Country Radio Still Won’t Play Loretta Lynn’s “The Pill”

6 minute read

In 1975, Loretta Lynn was one of the biggest stars in country music when she released a song that was quickly banned by many country radio stations. The song, “The Pill,” was an ode to birth control and sexual freedom that shocked the industry and many of the genre’s more conservative listeners with lyrics like:

“This old maternity dress I’ve got is going in the garbage

The clothes I’m wearing from now on won’t take up so much yardage

Miniskirts, hot pants, and a few little fancy frills

Yeah, I’m making up for all those years since I’ve got the pill”

It was this kind of sharp-witted and fearless storytelling that made Lynn, who died on Tuesday at the age of 90, a titan of country music and an inspiration to future generations of songwriters, especially female country stars. Despite the controversy surrounding its release, “The Pill,” would become Lynn’s highest-charting pop single, peaking at #70 on the Hot 100.

But as conservative social norms have ossified around the country music establishment, “The Pill” is still forsaken nearly fifty years since it was released. According to Luminate (formerly Nielsen Music), the song was played just once by a country radio station in the U.S. in 2022, even though it’s a classic of the genre. The song—and Lynn’s career as a provocative lyricist—serve as a reminder that the conservative values touted by the country music establishment don’t always match those of their artists or listeners.

1970s Culture Divide

When Lynn wrote “The Pill,” she was a constant presence atop the country charts. Between 1970 and 1974, she had a dozen songs hit the Billboard U.S. Country Top 5. While Lynn sang many celebrations of humble country life, she also was widely celebrated for breathing life and humor into dangerous topics, whether it be cheating, female lust, or violent revenge. Lynn, after writing “The Pill,” told TIME she didn’t think it was out of line with her body of work: “It isn’t as dirty as some of my other songs. I wrote one the other day that is so dirty I have to close my eyes when I sing it,” she said in a 1975 interview.

But birth control was still a heavily debated topic, especially in conservative communities. Universal birth control had only become legalized in 1972, following the landmark decision of Eisenstadt v Baird, and it was unavailable in many of the rural areas where Lynn had a strong following. Lynn herself had noted in the 1971 song “One’s On The Way” that the feminist revolution of the 1970s had been slow to come to many parts of America:

“​​The girls in New York City, they all march for women’s lib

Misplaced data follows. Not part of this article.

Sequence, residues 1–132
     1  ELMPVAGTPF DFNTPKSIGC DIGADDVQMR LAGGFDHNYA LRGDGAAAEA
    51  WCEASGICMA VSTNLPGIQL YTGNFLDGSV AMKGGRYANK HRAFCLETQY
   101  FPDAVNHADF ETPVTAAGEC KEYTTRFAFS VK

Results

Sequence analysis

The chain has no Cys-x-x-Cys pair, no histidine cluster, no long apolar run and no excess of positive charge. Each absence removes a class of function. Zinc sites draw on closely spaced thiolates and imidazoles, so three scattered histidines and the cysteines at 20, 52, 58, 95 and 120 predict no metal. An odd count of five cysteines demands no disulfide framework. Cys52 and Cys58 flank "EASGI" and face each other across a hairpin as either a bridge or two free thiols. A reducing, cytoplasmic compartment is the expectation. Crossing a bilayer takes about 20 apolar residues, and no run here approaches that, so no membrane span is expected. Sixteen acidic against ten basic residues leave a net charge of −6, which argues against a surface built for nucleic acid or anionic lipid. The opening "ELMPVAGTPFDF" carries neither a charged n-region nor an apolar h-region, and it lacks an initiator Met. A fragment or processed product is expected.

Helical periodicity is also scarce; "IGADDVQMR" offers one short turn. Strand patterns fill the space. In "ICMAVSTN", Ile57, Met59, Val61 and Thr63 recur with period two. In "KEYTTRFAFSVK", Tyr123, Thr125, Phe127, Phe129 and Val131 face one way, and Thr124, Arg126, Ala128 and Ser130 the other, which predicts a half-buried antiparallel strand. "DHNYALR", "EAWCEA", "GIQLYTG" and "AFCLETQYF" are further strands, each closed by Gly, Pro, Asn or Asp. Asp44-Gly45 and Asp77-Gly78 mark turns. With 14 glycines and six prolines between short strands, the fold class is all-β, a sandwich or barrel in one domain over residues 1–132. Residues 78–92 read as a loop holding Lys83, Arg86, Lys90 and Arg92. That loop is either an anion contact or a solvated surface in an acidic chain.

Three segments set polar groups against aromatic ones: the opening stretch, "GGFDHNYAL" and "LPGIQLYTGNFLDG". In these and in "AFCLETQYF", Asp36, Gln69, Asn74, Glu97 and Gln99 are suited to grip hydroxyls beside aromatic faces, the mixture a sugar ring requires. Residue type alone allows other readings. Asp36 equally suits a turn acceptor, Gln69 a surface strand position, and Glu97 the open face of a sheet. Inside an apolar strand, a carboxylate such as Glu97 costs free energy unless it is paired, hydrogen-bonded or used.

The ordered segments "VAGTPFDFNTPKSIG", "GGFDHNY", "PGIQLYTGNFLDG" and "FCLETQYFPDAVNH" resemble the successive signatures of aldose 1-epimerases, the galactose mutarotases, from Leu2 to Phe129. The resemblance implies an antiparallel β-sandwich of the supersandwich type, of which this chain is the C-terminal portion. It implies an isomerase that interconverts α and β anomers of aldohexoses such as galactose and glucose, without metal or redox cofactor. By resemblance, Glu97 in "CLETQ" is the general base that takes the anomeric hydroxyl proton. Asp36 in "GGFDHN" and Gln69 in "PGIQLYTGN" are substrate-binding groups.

And Better Homes and Gardens shows the modern way to live

And the pill may change the world tomorrow

But meanwhile today

Here in Topeka, the flies are a-buzzing

The dog is a-barking

And the floor needs a scrubbing

One needs a spanking

And one needs a hugging, Lord

One’s on the way”

Given the culture divide and tense political climate, Lynn’s record label MCA didn’t release “The Pill” for three years until after she had recorded it. And when it was finally released, Lynn tried to make clear that the song wasn’t a rejection of family values. The song’s lyrics, in fact, argue that birth control enables the song’s protagonist—a faithful wife exhausted from years of childbirth—to be a better partner and mother. Lynn herself was married at 13 and went through a taxing period of pregnancies: “I had four kids before I was 18. If I had had the Pill, I would’ve been popping it like popcorn,” she told TIME.

But the song still caused an uproar in conservative areas. People Magazine reported that 60 radio stations banned the song, and wrote about a preacher in West Liberty, Kentucky, who devoted a sermon to denouncing it. Lynn told Playgirl that the song nearly got her kicked out of the Grand Ole Opry: “I sung it three times at the Grand Ole Opry one night, and I found out a week later that the Grand Ole Opry had a three-hour meeting, and they weren’t going to let me [sing it]… If they hadn’t let me sing the song, I’d have told them to shove the Grand Ole Opry!”

‘I learned that from Loretta’

All of the controversy and hand-wringing only galvanized interest, however, and the song started to get spun on pop radio upon its release. In the end, “The Pill” became the biggest crossover hit of Lynn’s career. Decades later, it is still galvanizing younger generations of country musicians to tell stories that are unflinchingly true to their lives. “Country music definitely had a history of the people who were shootin’ straight and telling the stories without any sort of gloss on them, whether it’s “The Pill” or other songs,” the Chicks’ Emily Strayer told NPR in 2020. (Notably, The Chicks were also blacklisted from the country music industry after criticizing George W. Bush and the Iraq War in 2003.)

Miranda Lambert told Taste of Country this year that her early song “Gunpowder & Lead” was inspired by “The Pill”: “Abuse is not something everyone talks about. I think I learned that from Loretta. I mean, she wrote ‘The Pill’ when you weren’t supposed to be talking about that stuff.”

And in June, after the Supreme Court decided to overturn Roe v. Wade, Maren Morris tweeted that she was listening to the song in protest:

But as the song is hailed in many circles as groundbreaking, it has basically been abandoned by the country establishment. According to Luminate, the song has received 95 spins on U.S. radio since the start of 2022, with most of those coming from Triple A and College Radio formats; only one of those spins was on a station classified as Country format. By contrast, “Coal Miner’s Daughter” has 1.3K spins so far this year on U.S. radio.

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